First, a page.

No one thinks Bud Selig is retiring

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Bud Selig is supposed to retire at the end of the 2012 season. He has an office at the University of Wisconsin set up for himself and everything.  Yep, pushing 80, it’s time for the Budster to finally ease into retirement.  Too bad no one thinks he’s gonna.  From Bill Madden’s latest at the Daily News:

… there isn’t a single person in baseball who believes Selig, who turns 78 in July, is going anywhere any time soon … even Selig’s closest friends find laughable the notion of him walking away from a job that pays upwards of $20 million per year, along with the perks of a private jet, to teach sports history.

Madden notes some have suggested that Selig will retire so he can be inducted into the Hall of Fame. Madden quotes someone who thinks Selig is likely to get the “must be retired” rule at the Hall of Fame changed. Which, in all honesty, he could probably do with a phone call.

Madden thinks that it will soon be announced that Selig will accept a a two-year extension to remain on as Commissioner with the pretext being to see the Mets through their troubles and to help the Rays find a new ballpark and/or city.

I wouldn’t bet two bits against that. I probably wouldn’t bet a nickel.

Didi Gregorius continues to be ridiculous

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Yankees shortstop Didi Gregorius had another fantastic night last night. He went 3-for-3, hitting a home run for the fourth game in a row, had an RBI single and reached base safely in all five of his plate appearances in New York’s 7-4 win over Minnesota.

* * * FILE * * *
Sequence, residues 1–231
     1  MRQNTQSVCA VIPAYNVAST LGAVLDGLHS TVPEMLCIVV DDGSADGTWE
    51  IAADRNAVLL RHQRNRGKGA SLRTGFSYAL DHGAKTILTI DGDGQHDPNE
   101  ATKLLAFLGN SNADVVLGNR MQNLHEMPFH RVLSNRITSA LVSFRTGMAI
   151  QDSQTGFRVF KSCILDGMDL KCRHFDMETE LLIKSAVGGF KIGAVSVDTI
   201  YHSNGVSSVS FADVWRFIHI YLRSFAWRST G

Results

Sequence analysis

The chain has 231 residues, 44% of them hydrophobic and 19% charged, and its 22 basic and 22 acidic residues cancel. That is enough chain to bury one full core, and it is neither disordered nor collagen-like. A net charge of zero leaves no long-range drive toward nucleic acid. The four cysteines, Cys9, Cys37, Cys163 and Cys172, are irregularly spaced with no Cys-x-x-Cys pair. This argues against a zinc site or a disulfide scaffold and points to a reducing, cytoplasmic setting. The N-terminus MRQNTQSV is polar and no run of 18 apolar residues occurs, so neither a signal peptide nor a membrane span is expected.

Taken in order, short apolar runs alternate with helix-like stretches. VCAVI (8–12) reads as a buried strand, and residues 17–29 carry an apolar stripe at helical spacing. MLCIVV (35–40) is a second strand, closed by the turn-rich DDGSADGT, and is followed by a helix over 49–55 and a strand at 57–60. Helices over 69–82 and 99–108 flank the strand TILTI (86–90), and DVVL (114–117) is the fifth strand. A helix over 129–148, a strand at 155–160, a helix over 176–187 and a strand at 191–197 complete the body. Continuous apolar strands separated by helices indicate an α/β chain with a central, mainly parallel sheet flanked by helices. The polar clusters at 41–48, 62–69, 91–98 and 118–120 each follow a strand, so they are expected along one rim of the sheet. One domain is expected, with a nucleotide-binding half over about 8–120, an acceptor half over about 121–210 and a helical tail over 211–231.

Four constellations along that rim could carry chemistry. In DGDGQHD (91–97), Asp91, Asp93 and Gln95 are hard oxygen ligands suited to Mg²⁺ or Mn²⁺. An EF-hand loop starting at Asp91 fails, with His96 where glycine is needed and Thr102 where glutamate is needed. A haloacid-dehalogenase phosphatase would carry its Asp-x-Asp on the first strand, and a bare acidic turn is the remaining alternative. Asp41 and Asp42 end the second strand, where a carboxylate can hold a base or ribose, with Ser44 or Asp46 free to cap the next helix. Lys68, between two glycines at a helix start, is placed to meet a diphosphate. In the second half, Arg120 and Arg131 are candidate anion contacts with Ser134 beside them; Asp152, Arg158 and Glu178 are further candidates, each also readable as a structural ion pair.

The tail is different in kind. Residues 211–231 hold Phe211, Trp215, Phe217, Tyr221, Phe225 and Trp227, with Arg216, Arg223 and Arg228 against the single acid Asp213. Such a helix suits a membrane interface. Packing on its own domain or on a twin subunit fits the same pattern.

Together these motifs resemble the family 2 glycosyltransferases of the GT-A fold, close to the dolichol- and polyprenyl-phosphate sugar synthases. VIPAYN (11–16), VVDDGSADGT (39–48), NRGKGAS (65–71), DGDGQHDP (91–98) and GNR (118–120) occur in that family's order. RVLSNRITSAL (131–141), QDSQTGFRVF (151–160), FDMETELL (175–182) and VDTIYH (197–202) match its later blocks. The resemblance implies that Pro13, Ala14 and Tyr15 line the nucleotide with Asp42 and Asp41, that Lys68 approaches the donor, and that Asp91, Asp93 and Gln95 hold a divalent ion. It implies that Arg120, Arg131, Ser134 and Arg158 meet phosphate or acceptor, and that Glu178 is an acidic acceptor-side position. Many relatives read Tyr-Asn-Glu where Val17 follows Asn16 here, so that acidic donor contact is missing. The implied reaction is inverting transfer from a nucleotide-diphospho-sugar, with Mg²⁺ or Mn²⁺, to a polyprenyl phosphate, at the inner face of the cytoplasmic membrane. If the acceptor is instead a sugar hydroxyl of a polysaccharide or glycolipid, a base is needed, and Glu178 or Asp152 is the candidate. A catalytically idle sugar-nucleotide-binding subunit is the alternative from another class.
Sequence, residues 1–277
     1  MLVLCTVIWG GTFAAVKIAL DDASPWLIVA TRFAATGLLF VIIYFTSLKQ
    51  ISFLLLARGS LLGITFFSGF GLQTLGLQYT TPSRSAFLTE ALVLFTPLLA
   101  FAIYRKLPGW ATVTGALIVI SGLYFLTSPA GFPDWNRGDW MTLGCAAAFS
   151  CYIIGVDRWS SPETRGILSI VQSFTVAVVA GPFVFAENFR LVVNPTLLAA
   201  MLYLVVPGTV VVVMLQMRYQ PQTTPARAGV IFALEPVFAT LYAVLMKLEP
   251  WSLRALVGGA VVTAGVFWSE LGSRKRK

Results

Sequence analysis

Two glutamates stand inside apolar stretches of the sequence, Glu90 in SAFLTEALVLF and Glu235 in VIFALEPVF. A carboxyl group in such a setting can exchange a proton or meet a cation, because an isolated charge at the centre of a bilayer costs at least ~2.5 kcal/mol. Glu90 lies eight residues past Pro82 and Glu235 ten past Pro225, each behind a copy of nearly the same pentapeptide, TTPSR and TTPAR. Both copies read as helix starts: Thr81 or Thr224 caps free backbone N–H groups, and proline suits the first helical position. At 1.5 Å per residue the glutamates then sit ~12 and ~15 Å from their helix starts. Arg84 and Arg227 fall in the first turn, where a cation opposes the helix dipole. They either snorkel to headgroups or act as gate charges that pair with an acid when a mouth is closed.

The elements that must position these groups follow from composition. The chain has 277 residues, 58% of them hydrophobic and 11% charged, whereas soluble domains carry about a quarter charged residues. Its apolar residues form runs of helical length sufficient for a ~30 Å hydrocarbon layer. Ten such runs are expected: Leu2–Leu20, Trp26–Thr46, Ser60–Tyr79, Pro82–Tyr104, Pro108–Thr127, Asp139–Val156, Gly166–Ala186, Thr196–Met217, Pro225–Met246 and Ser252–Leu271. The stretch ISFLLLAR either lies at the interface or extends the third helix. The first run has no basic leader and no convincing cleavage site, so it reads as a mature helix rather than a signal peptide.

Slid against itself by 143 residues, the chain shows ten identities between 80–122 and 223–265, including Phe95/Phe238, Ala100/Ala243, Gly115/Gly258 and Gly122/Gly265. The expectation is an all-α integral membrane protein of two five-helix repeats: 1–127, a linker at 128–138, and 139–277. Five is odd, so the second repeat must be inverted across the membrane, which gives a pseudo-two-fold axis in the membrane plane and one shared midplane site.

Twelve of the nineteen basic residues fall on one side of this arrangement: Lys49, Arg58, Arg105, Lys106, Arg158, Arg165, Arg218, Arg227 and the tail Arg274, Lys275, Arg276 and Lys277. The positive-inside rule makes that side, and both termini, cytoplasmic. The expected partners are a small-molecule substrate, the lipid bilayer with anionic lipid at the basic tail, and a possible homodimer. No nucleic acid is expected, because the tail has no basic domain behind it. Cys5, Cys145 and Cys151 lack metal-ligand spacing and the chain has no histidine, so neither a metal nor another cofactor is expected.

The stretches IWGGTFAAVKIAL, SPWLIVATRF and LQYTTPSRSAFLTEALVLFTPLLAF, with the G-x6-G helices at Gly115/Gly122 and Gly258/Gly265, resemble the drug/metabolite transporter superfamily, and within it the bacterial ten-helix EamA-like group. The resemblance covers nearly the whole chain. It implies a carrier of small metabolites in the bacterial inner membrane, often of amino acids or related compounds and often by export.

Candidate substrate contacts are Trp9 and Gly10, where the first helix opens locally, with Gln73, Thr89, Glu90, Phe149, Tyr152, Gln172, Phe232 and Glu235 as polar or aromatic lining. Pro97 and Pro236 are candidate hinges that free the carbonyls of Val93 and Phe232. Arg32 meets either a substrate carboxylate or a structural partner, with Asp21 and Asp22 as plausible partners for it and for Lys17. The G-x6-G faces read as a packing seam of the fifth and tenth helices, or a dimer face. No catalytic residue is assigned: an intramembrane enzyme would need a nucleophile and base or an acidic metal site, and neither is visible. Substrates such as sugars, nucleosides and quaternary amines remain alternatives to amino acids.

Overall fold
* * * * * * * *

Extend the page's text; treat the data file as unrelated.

For the year that gives Gregorius a line of .372/.470/.833, putting him atop the American League in average, slugging, OPS, and OPS+. He also leads the league in total bases (65) and RBI (29). He leads all of baseball in fWAR at 2.2, edging out Mike Trout despite the fact that Trout has played in two more games. He’s second behind Trout in homers with nine.

After last night’s game he insisted that he is not a home run hitter:

“I do have a lot of home runs, but it’s not like I am going out there to try to hit them . . . I’m not a power guy like Judge and Stanton, who hit 50 to 60 and up. Those are the guys who actually hit home runs. One year, let’s say, I hit five — then you ask me where that part went . . . if they go out, they go out. I’m just mostly trying to barrel it up and get a good swing . . . I try to hit line drives and if you check most of my home runs they were line drives,” he said. “It’s not like I am going up to hit deep fly balls.”

Given that he hit 25 homers last year and 20 the year before, he’s being a bit modest, even if he’s not likely to keep up this torrid pace. That modesty is not stopping some people from getting a bit carried away, of course:

 

We’ll forgive Bob for the hyperbole. Didi has been fun to watch.